Chittenden said all activities implemented under the partnership are done shoulder to shoulder by the U.S. and Nigerian militaries to improve the health of the military service member and impact health outcomes worldwide.She said the programme has started a multi-country Phase 2 clinical trial to investigate the safety and immunogenicity of two Ebola vaccine regimens in healthy and HIV-infected adults up to 70 years old.

She also said the WRAIR EID Branch and USAMRD-A/N, in collaboration with NMOD and the African Centre for Excellence for Genomics of Infectious Disease (ACEGID, Redeemer’s University) are planning Lassa fever epidemiological studies in preparation for candidate vaccine studies.Chittenden said population-based sero-epidemiological studies are needed for better clinical evaluation of Lassa vaccine candidates and the planned studies will align with the Coalition for Epidemic Preparedness Innovations (CEPI) consortium of Lassa epidemiological studies.She said the proposed sites are Abuja and Lagos, anticipated start date is FY 2020 and the partnership is competing for inclusion as a clinical site in an upcoming Lassa vaccine Phase 2 clinical trial.

Halilu said due to the activities of PEPFAR, now, AIDS-related deaths globally have fallen by 50 per cent since their peak in 2005 just as the number of new HIV infections has been reduced by 47 per cent since 1996.He said with support from PEPFAR, more than 2.2 million babies were born HIV-free to mothers living with HIV or AIDS in 2018 alone. “Thanks to PEPFAR, there is now a 25 to 40 per cent decrease in diagnoses of HIV in young women in ten African countries,” Halilu said.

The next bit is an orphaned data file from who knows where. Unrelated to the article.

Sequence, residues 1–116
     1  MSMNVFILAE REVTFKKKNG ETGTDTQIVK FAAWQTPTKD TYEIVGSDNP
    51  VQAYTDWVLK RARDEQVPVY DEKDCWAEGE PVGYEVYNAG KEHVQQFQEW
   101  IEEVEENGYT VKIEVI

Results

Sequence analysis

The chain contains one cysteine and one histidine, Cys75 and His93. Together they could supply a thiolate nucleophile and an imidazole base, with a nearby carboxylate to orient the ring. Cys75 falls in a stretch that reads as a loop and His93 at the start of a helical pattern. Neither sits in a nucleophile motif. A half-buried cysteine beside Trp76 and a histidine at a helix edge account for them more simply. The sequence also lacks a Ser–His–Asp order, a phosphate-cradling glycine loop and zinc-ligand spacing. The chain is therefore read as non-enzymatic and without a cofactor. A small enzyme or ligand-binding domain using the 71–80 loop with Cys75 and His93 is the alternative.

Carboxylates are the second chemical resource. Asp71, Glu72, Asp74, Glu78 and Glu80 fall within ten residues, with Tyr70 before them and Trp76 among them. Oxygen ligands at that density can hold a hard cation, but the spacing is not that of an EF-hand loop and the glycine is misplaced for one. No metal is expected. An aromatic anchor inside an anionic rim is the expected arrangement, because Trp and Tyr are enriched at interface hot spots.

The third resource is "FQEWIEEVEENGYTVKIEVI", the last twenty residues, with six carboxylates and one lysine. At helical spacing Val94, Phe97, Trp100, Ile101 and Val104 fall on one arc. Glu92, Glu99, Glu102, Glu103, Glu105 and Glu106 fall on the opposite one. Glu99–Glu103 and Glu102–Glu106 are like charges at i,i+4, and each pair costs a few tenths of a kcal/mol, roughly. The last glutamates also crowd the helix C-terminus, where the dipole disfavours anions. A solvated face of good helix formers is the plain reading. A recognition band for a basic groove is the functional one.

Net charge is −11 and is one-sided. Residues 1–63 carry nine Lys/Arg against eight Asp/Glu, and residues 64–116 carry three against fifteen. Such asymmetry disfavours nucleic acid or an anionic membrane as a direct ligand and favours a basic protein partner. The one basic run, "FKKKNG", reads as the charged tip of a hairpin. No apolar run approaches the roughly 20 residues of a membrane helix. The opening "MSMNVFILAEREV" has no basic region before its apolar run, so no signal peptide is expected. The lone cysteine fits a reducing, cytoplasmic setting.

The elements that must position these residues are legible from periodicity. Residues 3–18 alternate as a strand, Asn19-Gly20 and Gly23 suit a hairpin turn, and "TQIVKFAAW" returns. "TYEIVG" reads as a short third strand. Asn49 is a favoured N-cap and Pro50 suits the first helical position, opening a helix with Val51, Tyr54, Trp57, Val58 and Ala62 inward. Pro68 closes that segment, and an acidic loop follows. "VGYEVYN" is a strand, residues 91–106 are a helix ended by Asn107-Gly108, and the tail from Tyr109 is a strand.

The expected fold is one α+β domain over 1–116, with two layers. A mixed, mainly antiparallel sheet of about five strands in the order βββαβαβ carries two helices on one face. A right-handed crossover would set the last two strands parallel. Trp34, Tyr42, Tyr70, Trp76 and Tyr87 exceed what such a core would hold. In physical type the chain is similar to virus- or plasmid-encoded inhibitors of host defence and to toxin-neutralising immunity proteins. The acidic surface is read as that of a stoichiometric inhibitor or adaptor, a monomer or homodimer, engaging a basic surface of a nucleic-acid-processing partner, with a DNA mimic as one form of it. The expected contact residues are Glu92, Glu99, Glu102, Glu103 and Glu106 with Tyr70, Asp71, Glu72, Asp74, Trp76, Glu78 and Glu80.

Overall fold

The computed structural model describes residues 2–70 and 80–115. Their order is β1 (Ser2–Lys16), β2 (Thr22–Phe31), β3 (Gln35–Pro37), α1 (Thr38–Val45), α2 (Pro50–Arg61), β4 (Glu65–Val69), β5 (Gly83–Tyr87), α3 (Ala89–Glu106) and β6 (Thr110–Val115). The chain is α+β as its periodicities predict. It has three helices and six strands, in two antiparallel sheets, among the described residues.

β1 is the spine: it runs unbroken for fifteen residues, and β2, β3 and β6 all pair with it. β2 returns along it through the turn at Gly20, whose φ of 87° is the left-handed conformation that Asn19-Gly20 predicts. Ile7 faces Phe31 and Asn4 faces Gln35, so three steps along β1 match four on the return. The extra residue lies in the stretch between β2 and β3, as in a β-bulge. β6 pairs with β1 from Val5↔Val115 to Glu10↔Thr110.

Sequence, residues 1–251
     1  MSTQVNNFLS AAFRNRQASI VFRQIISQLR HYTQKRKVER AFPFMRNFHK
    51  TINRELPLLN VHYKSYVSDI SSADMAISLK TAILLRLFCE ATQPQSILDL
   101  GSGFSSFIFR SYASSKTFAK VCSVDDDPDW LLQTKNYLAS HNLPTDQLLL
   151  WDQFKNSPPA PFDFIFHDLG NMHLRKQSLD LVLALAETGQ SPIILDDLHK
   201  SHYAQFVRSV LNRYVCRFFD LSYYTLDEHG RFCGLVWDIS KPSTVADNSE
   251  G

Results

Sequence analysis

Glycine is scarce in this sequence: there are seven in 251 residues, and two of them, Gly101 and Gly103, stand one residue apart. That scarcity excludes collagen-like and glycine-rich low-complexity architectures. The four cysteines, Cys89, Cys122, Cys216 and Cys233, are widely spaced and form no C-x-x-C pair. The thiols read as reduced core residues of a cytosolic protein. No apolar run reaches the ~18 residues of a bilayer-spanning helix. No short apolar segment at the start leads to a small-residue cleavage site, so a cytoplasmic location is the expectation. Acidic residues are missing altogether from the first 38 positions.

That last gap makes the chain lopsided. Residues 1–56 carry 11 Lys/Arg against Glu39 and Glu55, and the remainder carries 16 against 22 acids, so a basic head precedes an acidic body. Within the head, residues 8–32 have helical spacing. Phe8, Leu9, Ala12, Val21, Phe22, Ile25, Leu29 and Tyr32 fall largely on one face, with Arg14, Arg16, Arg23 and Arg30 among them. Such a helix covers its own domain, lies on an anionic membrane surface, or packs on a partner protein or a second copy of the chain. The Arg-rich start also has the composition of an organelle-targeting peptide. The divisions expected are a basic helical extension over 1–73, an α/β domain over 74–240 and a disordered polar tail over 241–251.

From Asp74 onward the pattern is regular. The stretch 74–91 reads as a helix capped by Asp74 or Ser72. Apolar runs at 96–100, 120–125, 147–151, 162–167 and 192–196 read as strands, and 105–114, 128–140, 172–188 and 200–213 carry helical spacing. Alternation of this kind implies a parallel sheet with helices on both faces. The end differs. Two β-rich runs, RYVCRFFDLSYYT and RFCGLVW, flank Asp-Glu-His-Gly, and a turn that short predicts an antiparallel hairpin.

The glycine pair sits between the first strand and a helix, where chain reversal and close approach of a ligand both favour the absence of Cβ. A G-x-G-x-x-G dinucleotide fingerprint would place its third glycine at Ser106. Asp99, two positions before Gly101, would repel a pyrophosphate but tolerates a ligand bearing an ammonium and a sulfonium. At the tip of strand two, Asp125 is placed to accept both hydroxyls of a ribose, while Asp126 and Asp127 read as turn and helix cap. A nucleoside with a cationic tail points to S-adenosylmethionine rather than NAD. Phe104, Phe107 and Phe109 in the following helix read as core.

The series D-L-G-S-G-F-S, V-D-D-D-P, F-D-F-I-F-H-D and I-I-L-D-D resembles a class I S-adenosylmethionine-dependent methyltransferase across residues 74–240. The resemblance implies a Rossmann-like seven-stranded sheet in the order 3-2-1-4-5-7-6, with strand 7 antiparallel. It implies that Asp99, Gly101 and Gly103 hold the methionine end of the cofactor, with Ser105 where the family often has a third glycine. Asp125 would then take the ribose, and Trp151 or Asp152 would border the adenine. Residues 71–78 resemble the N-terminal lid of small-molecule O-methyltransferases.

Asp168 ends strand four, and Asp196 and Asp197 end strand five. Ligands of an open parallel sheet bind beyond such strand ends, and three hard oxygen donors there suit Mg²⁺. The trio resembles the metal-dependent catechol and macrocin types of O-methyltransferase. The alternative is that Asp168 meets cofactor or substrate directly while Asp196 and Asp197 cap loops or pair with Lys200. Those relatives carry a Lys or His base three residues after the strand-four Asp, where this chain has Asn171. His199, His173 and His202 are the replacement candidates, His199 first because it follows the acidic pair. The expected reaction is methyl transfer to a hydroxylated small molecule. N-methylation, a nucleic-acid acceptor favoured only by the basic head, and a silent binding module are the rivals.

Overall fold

He said theU.S. government, through PEPFAR, has not only saved and improved millions of lives, but also transformed the global HIV/AIDS response.Halilu said, in 2018 alone: PEPFAR provided life-saving HIV treatment to over 800,000 Nigerian men, women, and children living with HIV; approximately 7.4 million Nigerians received HIV counseling and testing services; more than 1.6 million pregnant Nigerian women were tested for HIV; and more than 1.2 million orphans and vulnerable children received care and support services. Halilu said the primary responsibility of the US Centers for Disease Control and Prevention (CDC) is to detect, respond and prevent current and emerging diseases.

The CDC is the leading national public health institute of the United States established on July 1, 1946.
He said the CDC, among other things, performs the following functions:
*On the cutting edge of health security – confronting global disease threats through advanced computing and lab analysis of huge amounts of data to quickly find solutions.

*Putting science into action – tracking disease and finding out what is making people sick and the most effective ways to prevent it.
*Helping medical care – bringing new knowledge to individual health care and community health to save more lives and reduce waste.
*Fighting diseases before they reach our borders – detecting and confronting new germs and diseases around the globe to increase our national security.
*Nurturing public health – building on our significant contribution to have strong, well-resourced public health leaders and capabilities at national, state and local levels to protect Americans from health threats.